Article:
06 Aug 2013
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Apps New Zealand Schools Auckland Museum

Marine life app makes school trips interactive

By Rebecca Wood

School trips to the beach have just become more interactive thanks to a new app from Auckland Museum.

The NZ Marine Life App for iPhone, iPad and iPod Touch is a free digital field guide, providing information on more than 260 marine species found in New Zealand waters.

It covers species that can be found on the east and west coast, as well as those found in rock pools and out to about 10 metres from shore.

The second version of the app, which was released on Friday, also includes larger marine species such as dolphins, whales and sharks that can be found further out.

Each species is listed with its scientific name, its Maori name, biology, where it is commonly found, taxonomic information, genus and family. There are at least three pictures for each species along with its protection status both in New Zealand waters and outside.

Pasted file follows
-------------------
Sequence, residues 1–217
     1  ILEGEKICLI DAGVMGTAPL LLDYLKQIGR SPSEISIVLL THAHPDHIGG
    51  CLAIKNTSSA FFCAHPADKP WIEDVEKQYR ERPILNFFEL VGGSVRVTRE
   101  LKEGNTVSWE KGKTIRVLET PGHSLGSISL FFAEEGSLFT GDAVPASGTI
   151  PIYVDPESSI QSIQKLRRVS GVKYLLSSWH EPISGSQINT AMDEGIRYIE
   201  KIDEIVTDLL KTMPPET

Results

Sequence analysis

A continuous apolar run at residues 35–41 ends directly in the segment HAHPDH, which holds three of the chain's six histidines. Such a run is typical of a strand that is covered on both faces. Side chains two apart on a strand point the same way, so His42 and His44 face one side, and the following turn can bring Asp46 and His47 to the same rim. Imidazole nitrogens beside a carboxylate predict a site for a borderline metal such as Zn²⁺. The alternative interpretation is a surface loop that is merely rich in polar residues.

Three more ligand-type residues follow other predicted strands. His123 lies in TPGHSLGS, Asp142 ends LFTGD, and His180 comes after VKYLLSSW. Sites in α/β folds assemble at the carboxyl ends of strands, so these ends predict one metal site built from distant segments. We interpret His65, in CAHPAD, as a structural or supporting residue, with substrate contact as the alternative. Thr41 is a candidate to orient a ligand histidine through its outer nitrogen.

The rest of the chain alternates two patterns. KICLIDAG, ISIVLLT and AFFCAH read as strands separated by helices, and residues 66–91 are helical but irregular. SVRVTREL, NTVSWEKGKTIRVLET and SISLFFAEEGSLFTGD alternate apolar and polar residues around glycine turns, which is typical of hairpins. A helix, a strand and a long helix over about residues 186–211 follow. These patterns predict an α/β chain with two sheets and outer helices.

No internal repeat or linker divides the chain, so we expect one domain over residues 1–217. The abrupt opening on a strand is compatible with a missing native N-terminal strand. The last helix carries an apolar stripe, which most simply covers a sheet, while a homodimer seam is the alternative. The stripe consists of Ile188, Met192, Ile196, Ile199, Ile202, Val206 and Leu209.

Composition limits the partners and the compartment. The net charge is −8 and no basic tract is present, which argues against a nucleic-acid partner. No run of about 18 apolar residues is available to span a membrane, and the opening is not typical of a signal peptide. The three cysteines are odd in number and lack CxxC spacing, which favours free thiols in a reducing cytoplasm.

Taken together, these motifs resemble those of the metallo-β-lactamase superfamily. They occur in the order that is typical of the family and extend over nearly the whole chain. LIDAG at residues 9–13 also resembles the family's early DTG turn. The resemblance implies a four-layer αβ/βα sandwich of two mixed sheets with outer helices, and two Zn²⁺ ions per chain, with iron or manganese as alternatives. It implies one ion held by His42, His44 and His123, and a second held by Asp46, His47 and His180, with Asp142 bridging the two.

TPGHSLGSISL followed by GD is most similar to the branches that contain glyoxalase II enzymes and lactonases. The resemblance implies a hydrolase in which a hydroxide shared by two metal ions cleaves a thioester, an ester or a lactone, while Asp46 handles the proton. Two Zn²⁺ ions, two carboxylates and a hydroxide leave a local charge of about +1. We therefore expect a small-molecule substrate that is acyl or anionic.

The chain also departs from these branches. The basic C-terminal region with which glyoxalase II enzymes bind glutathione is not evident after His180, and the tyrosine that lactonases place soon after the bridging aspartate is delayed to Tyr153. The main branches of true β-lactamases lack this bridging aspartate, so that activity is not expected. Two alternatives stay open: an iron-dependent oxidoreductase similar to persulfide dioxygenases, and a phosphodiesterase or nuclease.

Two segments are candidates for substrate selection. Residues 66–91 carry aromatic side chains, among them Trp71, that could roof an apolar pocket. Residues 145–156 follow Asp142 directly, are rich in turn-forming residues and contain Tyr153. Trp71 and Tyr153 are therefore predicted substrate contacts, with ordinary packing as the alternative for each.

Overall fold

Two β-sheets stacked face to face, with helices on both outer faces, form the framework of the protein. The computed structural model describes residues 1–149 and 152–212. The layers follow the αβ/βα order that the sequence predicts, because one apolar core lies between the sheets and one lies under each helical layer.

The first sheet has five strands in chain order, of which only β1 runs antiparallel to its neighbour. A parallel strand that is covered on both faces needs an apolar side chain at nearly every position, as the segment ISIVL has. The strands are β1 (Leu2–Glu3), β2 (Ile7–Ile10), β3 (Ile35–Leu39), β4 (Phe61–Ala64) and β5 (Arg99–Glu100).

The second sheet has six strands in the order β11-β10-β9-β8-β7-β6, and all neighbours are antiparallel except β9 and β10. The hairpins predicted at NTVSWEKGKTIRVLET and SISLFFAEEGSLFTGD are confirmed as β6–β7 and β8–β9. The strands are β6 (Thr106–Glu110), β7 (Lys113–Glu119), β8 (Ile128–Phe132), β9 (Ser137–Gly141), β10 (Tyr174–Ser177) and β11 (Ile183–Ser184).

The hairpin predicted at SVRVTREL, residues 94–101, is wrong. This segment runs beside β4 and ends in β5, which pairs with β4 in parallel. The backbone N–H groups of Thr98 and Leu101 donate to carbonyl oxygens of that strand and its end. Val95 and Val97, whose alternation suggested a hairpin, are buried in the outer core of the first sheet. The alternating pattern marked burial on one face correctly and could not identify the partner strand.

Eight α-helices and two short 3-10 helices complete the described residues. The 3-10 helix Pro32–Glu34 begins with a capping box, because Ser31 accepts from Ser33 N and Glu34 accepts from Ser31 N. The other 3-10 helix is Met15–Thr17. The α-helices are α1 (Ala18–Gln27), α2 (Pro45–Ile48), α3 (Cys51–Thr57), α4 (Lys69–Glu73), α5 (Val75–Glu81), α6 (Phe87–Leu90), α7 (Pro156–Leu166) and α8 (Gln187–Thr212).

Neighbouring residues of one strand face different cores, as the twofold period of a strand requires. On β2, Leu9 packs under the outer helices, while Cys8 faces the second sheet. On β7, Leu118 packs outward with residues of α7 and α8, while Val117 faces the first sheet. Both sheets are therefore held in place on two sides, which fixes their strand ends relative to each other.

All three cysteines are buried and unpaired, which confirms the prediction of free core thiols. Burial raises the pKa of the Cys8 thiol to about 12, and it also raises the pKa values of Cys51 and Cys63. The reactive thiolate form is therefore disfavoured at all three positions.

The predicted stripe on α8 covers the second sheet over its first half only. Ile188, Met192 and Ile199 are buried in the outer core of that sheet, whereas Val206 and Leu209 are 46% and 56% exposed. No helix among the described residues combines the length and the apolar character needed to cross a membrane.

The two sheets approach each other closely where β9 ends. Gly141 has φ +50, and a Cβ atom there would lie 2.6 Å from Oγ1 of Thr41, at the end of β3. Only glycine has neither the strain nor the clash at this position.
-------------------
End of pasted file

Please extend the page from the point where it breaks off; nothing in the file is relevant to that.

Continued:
Nils Pokel, Auckland Museum’s e-learning producer, says the app is intended as a pocket reference guide for scientists, students, teachers and parents.

“The app is a great way to provide informal learning with a contemporary twist. The information can be read and studied, or students can just whizz through the images.”

As NZ Marine Life is a self-contained app it doesn’t require an internet connection to work so it can be used anywhere, at the beach or on a boat.

Severine Hannam, Auckland Museum’s natural history collections manager, says it is great tool for use on school field trips.

“Teachers can take the iPads and ask students to identify 10 different species on the beach. It is a tool to take outside the classroom and get out there, get students looking in rock pools and thinking about New Zealand’s marine life.”

Initially launched in June, the app has already played a part in finding the spread of an invasive species and there are plans to develop and expand it further.

“It is still read-only and there is no method for people to report or contact us directly from the app. Ultimately we would like to make it a two-way tool where people can send us sightings and GPS locations, for example,” says Pokel.

Hannam agrees. “We want to constantly improve it. There are so many other species we can include, plants, seabirds etc. It is an on going project and we will keep improving it.”

Go to www.aucklandmuseum.com/1878/nz-marine-life-app to download the app.

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